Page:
District failed to follow-up on records check, report says

An investigation into the events leading to the Dec. 17 attack on a special education teacher by a developmentally disabled student indicates that a group home and California’s Kern Regional Center failed to provide the district with relevant information about the student’s history early on.

Still, district personnel demonstrated a lack of persistence and follow-through, according to law firm Dionne & Rorick, which the district hired to conduct an investigation into the incident.

A Federal Way Public Schools employee who was involved with the student and had access to his records will have a letter of direction placed in the employee files. The letter is not a reprimand, it simply directs the employee how to handle similar situations in the future.

Another employee will receive a suspension without pay.

Federal Way Public Schools director of community relations Diane Turner said the district would reveal neither the employees’ identities nor the capacity in which they worked with the student.

The law firm said in a report released Friday the only real way to compel agencies to release information to school districts would be a change in state law.

Turner said the district was taking action to ensure more secure policies are in the place in the future, including adopting a new admissions policy, requesting the state Office of the Superintendent of Public Instruction to audit special education admissions and hiring Dionne & Rorick to conduct an independent investigation.

“The bottom line at the end of the day is you can’t assume the procedures and policies are being handled in the way we want them to be,” she said. “There’s no one specific incident and no one specific person because you have a large number of people involved.”

The Office of the Superintendent of Public Instruction audit is expected to begin tomorrow and should be finished by March 15.

District personnel received two transfer packets of information on the teen-ager, a 15-year-old from the Bakersfield, Calif. area who had a history of sexual aggressiveness, threats toward other students and staff, a tendency to set fires and an attack against a teacher’s aide.

Washington Mentor Network, the agency which took custody of the child and placed him in a group home in Federal Way, provided the district with a transfer packet about Sept. 17, 2001, and the Kern High School District provided another about Nov. 20, 2001.

The Kern High School District records arrived more than a month after Lakota Junior High psychologist Beth Ferguson requested the student’s records.

The teen entered Jennifer Panico-DiGiorgio’s class on Nov. 9.

Several special education personnel said they don’t remember the assault on the aide being discussed at an Oct. 9, 2001 meeting with Washington Mentor Network worker Janell Featherstone, though at least one staff person, Janet Bliss, the district’s transition specialist, requested more detail.

According to the report, “Ms. Bliss noted that, based on a previous Mentor placement of another student, in which case the District had not been provided with all relevant information at the outset, she pressed Ms. Featherstone, and was satisfied that no information was being withheld and that there were no ‘red flags.’ ”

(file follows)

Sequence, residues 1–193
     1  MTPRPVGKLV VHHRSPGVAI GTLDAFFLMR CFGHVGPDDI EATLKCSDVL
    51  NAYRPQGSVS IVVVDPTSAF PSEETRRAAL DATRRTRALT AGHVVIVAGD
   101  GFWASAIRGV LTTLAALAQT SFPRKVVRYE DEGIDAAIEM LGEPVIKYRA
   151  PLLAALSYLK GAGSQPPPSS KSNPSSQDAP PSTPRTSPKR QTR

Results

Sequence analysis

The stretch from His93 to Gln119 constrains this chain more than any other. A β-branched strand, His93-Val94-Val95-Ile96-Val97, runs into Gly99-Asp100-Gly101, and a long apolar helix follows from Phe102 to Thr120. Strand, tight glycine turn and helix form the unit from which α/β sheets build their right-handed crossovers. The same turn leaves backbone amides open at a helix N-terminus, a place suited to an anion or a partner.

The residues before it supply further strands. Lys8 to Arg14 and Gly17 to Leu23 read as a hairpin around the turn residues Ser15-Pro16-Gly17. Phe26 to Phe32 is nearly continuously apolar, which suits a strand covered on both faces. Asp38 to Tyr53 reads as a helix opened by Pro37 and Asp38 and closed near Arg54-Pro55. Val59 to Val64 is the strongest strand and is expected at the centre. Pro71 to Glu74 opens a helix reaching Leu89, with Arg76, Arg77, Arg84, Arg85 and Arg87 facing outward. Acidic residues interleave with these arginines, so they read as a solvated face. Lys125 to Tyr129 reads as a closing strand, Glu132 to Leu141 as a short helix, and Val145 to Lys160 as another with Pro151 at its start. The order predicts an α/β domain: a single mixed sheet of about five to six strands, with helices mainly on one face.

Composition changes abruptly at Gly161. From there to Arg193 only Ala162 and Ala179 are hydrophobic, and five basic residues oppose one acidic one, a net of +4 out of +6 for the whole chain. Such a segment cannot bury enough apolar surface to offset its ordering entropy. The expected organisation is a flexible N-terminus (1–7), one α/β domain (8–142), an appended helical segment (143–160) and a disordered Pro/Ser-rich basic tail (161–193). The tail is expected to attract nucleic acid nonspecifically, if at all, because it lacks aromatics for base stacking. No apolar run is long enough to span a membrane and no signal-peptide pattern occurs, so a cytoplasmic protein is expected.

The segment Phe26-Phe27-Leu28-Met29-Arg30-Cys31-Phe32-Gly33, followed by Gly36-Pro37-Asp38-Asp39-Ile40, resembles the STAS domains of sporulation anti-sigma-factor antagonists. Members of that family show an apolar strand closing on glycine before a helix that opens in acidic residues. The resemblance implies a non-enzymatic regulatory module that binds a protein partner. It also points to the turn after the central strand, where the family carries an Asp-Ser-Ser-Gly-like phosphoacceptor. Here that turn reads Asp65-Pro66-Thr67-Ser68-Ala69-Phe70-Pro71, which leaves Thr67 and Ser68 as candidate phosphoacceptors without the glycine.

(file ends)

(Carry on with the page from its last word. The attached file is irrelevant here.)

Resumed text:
Featherstone minimized the assault on the aide, according to the report, focusing instead on the teen’s sexual aggressiveness.

“When children come in and that is the legal guardian, it’s just like a parent,” Turner said. “If some of the information was emphasized or de-emphasized, we take that in developing a program with the child.”

That said, she added the district is not entirely blameless.

“We also have to look at ourselves,” she said. “We have to be more detailed, more persistant, and (have to) make sure we have all the discipline information.”

Some district mishandling of the records appears in the transfer of the records among staff. According to the report, Ferguson sent both packets of the teen’s records to Federal Way High School psychologist Jim Stapp.

Stapp said he conducted a cursory review of the November file, but not the September file because he thought it was a duplicate.

On Jan. 4, almost a month after the attack, Ferguson reviewed the boy’s Federal Way Public Schools file. She only found the November packet.

Dionne & Rorick’s report says it is unclear what happened to the September file.

That same day, district and Washington Mentor staff met with Bret Harney, a Kern County court liaison who works with the Kern Regional Center, which handles a variety of developmentally disabled cases.

Harney, who had worked with the teen since the boy was 4 years old, provided information not formerly held by the district.

Dionne & Rorick said in its report that the January files “provided the greatest detail regarding the student’s past behavior, including the repeated conclusion that he was a threat to others.”

Harney’s report also noted the boy had been expelled from at least 15 schools for behavior problems.

Christopher Willis, Federal Way Public School’s co-director of student support services, said Washington Mentor had Harney’s reports in its possession, but district staff said they did not receive the reports until Harney provided them on Jan. 4, 2002.

Despite the attack, which Superintendent Tom Murphy called “an extremely unfortunate incident that saddened all of us,” district personnel are moving forward with policies in the hopes of preventing future incidents

Meanwhile, Turner praised the special education staff.

“We have a very hard-working staff and special education teachers are tremendous people because of the very difficult job. The vast majority are working so hard. We want to commend that staff for the hard work,” she said. “At the same time, we have to pay attention to detail and be persistant.”

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